FIGS. 1 to 6 show some examples of the present invention.
FIG. 1 is a cross section of a first embodiment of the device according to the present invention;
FIG. 2 is a variant of the contact body of FIG. 1, shown at a reduced scale;
FIG. 3 is a cross section of another modification of the device;
FIG. 4 is a plan view of body 24 of FIG. 3;
FIG. 5 is a cross section of a contact body that is specially suited to application on prematurely and new-born infants; and
FIG. 6 is a plan view of the contact body of FIG. 5.
FIG. 1 shows a cross section of an eye-ball 1, with a cornea 2, a conjunctiva 3, an iris 4, a pupil 5, a lens 6, and a retina 7. Adhering to the eye 1 is a contact glass 8 consisting of a transparent material, preferentially a plastic (organic) glass, whose contact surface is adapted to the form of the eye under investigation. Between the eye 1 and the contact glass 8 a thin layer of fluid 9 has been placed in known manner, thus providing optical contact. Two light sources 10 and 11 are rigidly fixed to the contact glass 8, source 10 emitting illumination light and source 11 stimulus light. Also rigidly fixed to the contact glass 8 are several detectors 12, two of them being shown in the figure. The mounts of the light sources and the detectors are not shown, for clarity. Such mounts may, for example, be fixed to a case that can be slid over and fixed to the contact glass 8, said case making, however, no optical contact with those surfaces of the contact glass 8 which act as reflecting surfaces for the illumination light as described below. Electrical leads 13, 14 and 15 for the sources 10, 11 and the detectors 12 are indicated.
Whereas the emission of the stimulus light source 11 must lie within the visible range of the spectrum since the retina 7 is expected to respond to it, the contrary applies to the emission of the light source 10. For the latter, therefore, light that is not perceived by the human eye, e.g. infrared radiation, is suitable. The detectors 12, then, have to be sensitive to this same spectral range. Such a separation of the spectral ranges of the illumination and stimulus lights has the additional advantage that stray light from the stimulus source (if any) may easily be withheld from the detectors 12 by optical filters, not shown.
For the illumination and stimulus light sources 10 and 11 the use of so-called light-emitting diodes is of advantage; these can be obtained commercially. Such diodes, although not being of high intensity, have a relatively small radiating area, which is favorable for the present device. On the other hand their low intensity is compensated by the fact that the light path from the source to the detectors is relatively short.
Nevertheless, it is of interest to use as great a part of the illumination light 10 as possible, in order to make the signal, that is, the variation of the pupil size, as high as possible relative to the unavoidable noise (stray light, instabilities of the detector and the amplifiers). For that purpose the contact glass 8 of the device according to the present invention is conceived as an optical collecting system of a special type which will be described below.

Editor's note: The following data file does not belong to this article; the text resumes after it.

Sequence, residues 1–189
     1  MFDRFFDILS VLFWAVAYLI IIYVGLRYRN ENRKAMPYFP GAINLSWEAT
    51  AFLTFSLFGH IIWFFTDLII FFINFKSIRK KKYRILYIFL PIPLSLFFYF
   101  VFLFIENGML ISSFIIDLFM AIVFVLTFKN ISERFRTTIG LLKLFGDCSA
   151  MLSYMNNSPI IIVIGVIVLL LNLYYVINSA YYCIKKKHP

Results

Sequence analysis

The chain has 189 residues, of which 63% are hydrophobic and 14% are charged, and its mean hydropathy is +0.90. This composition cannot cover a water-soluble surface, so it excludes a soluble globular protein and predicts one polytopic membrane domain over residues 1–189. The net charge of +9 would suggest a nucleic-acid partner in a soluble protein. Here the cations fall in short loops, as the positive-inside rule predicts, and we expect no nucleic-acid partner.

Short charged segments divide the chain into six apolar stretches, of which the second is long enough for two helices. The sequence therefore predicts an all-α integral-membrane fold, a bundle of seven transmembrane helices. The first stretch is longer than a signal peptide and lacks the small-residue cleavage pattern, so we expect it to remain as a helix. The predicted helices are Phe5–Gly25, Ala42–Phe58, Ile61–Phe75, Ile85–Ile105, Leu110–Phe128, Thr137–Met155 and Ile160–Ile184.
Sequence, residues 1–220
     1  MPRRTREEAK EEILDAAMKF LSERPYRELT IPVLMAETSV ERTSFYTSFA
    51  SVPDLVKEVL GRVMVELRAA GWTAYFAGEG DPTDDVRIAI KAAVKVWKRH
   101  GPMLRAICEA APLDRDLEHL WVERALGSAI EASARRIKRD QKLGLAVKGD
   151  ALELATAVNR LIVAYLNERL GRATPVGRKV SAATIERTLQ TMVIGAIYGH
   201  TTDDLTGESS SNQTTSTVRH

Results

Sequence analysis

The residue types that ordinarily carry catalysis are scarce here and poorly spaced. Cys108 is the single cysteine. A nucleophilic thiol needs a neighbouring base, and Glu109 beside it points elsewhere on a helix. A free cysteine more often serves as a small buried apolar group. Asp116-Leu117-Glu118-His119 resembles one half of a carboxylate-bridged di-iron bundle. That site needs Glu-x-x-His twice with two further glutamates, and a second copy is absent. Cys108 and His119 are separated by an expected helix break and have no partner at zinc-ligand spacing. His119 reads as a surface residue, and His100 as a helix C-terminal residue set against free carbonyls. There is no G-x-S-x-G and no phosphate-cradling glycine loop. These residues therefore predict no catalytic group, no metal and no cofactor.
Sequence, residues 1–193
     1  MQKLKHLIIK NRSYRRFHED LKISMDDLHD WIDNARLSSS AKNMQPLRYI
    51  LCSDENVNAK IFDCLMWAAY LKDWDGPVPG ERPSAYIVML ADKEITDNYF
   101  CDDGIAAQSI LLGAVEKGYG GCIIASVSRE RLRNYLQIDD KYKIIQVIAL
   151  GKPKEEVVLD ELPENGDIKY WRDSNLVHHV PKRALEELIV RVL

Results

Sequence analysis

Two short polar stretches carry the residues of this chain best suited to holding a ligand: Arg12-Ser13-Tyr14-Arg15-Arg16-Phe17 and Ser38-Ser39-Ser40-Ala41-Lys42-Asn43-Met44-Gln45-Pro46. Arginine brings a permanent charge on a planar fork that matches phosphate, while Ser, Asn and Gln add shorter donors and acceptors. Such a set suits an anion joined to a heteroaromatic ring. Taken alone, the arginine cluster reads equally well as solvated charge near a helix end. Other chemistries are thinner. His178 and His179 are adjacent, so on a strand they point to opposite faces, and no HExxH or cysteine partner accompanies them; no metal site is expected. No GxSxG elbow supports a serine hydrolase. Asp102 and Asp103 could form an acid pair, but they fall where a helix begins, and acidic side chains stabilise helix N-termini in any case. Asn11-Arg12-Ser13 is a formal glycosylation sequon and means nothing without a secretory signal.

Moreover, it is of advantage to provide not only one but several detectors 12 that may work independently or in series. Miniature photo diodes may be used which are commercially available. Their signals are processed electronically in known manner and may be displayed for example by a pen recorder.
The contact glass 8 of FIG. 1, as an optical system, exhibits a polished toroidal surface 16 and a polished cylindrical surface 17. (The latter may also be given a slightly conical shape if so required by production necessities). The hollow light cone impinging on said refracting toroidal surface 16, emitted by source 10, is collimated and directed towards the iris by total reflection on said polished cylindrical surface 17. The light is thus concentrated on the plane of measurement as defined by the iris 4 and the pupil 5. Part of the light striking the iris 4 is absorbed, another part is diffusely reflected. A certain percentage of the reflected light reaches the detectors 12 and is recorded. If now the size of the pupil changes, e.g. as a reaction to a light stimulus reaching the retina 7 from the source 11 in the form of the beam 18, the surface of the iris lying within the illuminated area, and therefore the amount of reflected light, change too. The signals of the detectors thus vary as to sign and quantity according to the variation of the pupil size, and their temporal course can be recorded. Any movements of the eye 1 do not influence the results of the measurement because the contact glass 8 and hence all measuring elements as described take part in such movements.
Good adherence of the contact glass 8 to the eye 1 can be provided in known manner by slight suction. The bore channel of small diameter necessary for this is not shown in FIG. 1.